by Jenni White
Since her confirmation in February of this year, Betsy DeVos has had a hard time finding her footing as America’s newest Education Secretary — a situation made so obvious in her recent Politico profile that Salon magazine immediately hit the presses to posit her early departure with its initial headline, “DeVos Expected To Resign.”
In fact, from the point that Jeb Bush suggested her for the top post through her historic tie-breaking confirmation vote by Vice President Pence, DeVos has enjoyed a very narrow band of support, made evident by the lack of real public pushback against the constant carping on her every move by the press.
While Politico resonates the fear and loathing heaped upon DeVos by the education Left, it surprisingly ignores the similarly loud volume of conservative criticism, which descended upon her in a deluge the moment her name hit the list of possible nominees. Recognizing her primary supporters to be the Jeb Bush/Mike Pence Common Core dream team, Core opponents began a long, heartfelt campaign against her nomination.
Conservative commentator, Common Core opponent and parent activist Michelle Malkin said of DeVos shortly after her nomination:
You’ve got to judge people by their actions and one of the mistakes that all of these Common Core people made, whether they’re on the left, Bill Gates and some of the Democrats, obviously Obama and former Educations Secretary Arne Duncan under the Obama Administration, or whether you’re on the right, like Jeb Bush or Mike Huckabee, who was a big shill for Common Core, disappointingly, someone like Bill Bennett too, who, basically, admitted that he was paid to ply the Common Core line, the mistake that these people make is the condescending way in which they treat parents.
Summing up the feelings of so many anti-Common Core parent activists, she ended her comments by saying, “They think we’re stupid.”
Despite Twitter rallies, public letters and op-eds from both ends of the political spectrum, however, DeVos’ confirmation forged ahead, prompting additional concerns about the Common Core connections of education staffers being sworn into the DOE by the new administration.
Erin Tuttle, one half of the activist mom team that helped overturn Common Core in Indiana — Pence’s home state — summed up the concerns of grassroots activists about a DeVos confirmation by telling Breitbart:
A list of education staffers sworn in this past Friday indicates that the Department of Education (ED) will be aligned to DeVos’ agenda, not Trump’s. Even if DeVos is not confirmed, likeminded people will be controlling White House education policies.
Later in the piece Tuttle said, “These people are not the change agents Trump promised,” declaring, “Unless something changes, education policy under a Trump presidency isn’t going to be much different than Obama’s.”
Interestingly, as DeVos fast approaches her first full year in office, her record on the conservative front is building, while the press flails on nearly every decision she makes.
Though receiving death threats and having protestors prevent you from entering a public school during your first visit as Education Secretary is undoubtedly intimidating, and having nearly an entire class of graduating seniors turn their backs on your commencement address is definitely demoralizing, DeVos has soldiered on, carving out a few inroads for conservatives to applaud — even as she has endeavored to walk back one and complain to her interviewer about others.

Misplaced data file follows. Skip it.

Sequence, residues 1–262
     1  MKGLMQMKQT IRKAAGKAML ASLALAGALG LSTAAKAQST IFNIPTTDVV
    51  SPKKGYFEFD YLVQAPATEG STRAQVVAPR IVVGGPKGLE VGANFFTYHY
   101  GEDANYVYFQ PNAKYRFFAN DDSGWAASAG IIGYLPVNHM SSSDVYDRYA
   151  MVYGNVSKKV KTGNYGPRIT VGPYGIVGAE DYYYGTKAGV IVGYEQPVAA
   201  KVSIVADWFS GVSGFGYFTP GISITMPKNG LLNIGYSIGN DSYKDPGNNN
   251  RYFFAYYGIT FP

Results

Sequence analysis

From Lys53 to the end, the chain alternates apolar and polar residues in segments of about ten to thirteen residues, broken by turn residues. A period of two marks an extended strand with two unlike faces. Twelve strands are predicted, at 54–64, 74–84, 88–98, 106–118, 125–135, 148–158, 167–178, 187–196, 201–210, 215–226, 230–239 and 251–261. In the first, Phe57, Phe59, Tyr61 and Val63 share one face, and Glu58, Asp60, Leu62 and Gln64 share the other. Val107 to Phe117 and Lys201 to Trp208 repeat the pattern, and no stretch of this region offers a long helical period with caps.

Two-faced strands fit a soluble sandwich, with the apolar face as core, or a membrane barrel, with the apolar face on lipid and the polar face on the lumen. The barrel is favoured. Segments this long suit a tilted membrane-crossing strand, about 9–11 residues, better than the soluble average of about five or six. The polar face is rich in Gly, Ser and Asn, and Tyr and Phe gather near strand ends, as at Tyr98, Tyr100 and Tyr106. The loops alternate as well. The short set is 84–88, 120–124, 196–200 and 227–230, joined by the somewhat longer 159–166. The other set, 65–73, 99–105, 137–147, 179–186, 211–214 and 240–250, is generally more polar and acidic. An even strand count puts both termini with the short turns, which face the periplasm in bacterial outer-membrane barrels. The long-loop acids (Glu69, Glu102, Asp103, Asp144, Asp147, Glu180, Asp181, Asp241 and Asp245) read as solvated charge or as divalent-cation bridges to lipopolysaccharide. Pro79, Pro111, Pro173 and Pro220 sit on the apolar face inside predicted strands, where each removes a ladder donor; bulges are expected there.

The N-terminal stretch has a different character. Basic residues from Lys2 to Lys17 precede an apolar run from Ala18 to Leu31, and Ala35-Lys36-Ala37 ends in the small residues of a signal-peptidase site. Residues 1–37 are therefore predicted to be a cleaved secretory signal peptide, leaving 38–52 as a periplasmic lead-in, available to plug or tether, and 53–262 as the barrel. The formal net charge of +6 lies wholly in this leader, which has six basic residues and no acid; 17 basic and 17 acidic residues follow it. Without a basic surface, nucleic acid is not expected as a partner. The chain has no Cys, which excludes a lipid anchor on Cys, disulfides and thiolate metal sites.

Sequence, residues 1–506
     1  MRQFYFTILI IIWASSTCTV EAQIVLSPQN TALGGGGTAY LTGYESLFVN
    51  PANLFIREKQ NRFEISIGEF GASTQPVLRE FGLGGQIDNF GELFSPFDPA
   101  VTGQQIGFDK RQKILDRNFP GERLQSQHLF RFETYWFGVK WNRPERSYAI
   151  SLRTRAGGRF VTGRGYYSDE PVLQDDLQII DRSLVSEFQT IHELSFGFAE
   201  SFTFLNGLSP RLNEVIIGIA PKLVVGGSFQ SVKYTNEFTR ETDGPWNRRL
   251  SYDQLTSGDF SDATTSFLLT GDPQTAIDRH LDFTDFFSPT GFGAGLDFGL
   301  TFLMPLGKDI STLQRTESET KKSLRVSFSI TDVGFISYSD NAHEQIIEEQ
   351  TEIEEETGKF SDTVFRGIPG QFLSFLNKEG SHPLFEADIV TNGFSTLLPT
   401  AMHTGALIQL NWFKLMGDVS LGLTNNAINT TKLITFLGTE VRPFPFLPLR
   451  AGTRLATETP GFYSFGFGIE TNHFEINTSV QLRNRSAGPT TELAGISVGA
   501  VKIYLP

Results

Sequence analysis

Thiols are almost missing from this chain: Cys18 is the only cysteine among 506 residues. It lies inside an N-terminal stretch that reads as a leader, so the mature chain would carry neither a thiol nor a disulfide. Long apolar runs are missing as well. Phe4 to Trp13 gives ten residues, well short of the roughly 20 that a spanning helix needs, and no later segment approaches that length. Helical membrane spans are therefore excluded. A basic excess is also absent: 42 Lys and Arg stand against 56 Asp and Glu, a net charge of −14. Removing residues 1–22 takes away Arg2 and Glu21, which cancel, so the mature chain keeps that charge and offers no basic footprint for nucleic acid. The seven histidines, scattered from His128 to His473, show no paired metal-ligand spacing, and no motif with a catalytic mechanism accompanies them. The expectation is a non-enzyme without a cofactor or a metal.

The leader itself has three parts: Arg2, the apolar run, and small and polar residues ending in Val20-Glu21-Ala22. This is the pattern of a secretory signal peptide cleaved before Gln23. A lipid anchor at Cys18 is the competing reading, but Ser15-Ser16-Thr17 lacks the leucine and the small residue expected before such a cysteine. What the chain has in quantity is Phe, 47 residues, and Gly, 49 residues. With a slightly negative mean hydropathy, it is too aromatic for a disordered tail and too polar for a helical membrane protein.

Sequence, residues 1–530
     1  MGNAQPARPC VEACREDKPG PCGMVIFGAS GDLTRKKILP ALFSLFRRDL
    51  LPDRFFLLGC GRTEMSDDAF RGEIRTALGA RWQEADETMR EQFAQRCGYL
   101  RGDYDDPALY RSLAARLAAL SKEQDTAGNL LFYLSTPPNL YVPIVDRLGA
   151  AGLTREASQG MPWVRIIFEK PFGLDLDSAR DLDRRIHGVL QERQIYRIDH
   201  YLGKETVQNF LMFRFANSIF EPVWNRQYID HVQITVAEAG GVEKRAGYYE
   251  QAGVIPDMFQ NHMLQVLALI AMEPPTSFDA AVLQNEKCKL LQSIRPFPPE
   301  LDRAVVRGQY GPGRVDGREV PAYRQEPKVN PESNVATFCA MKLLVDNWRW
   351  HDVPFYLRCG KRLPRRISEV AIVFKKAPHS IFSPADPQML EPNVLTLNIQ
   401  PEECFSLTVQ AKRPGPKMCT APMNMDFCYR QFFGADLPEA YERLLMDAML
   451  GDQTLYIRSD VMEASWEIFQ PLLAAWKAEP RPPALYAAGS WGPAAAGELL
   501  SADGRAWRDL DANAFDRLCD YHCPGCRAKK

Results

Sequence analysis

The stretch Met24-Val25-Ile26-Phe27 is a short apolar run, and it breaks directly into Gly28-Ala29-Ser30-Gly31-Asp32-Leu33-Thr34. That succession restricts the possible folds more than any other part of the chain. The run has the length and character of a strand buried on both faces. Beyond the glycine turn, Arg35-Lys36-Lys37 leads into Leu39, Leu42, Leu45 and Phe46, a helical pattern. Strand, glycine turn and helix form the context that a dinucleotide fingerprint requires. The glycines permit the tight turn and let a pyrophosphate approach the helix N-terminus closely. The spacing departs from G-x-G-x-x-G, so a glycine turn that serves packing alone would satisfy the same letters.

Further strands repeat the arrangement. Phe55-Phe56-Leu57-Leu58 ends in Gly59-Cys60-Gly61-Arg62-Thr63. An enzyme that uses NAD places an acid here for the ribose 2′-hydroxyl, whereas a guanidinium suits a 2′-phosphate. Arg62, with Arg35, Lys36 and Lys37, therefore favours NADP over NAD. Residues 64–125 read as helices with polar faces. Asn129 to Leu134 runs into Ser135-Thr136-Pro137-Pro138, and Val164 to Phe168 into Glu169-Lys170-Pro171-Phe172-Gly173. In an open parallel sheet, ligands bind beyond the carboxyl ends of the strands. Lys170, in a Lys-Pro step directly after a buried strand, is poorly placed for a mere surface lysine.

According to The Washington Post, DeVos is committed to shrinking the Department of Education’s 4,059 full-time employees and cutting their budget — definite music to the ears of conservatives. Though her budget was not passed by Congress, she had proposed to cut a little over $9 billion from the Department’s nearly $70 billion budget. In addition, she had put 154 positions from the Department on the chopping block — 46 from the Office for Civil Rights alone.
The latter is unsurprising considering she chose to dump the Civil Rights guidance for campus sexual assault created under the Obama Administration, allowing universities to use a “clear and convincing evidence” standard instead of the “preponderance of evidence” standard thought to empower attackers while making it harder for victims to realize justice.
In the same vein, NPR reports that the DOE will be removing approximately 600 previous policy documents because of redundancy or datedness, while at the same time citing Politico’s coverage of DeVos’ lack of support for quashing the Obama-era gender identity bathroom rules for public schools — a troubling issue for many social conservatives.
Though Politico quotes DeVos as essentially saying she didn’t feel the timing was right to make the change in transgender bathroom guidance, The New York Times quotes a frequent colleague of the Secretary regarding her support for LGBT issues:
“She would say it’s a part of her faith,” said Mr. McNeilly, who has worked for Ms. DeVos in various capacities for two decades. “Her faith teaches her to be tolerant. And like most of America, she’s evolved.”
In the end, though DeVos can most probably be forgiven her frustration at her inability to quickly change the course of the mega-tanker that is the DOE, if she can do what her spokesman says she wants to do, conservatives will have little to complain about — barring any more Common Core missteps and her ability to navigate the educrat swamp and provide parents a voice in the education of their children:
“Secretary DeVos has made clear since day one that her goal is to return control of education back to states, localities and parents,” said Nathan Bailey, a department spokesman. “The secretary is building a strong team of experienced leaders who will help America rethink school and focus on improving student achievement.”
Photo credit: US Department of Education via Flickr, CC BY 2.0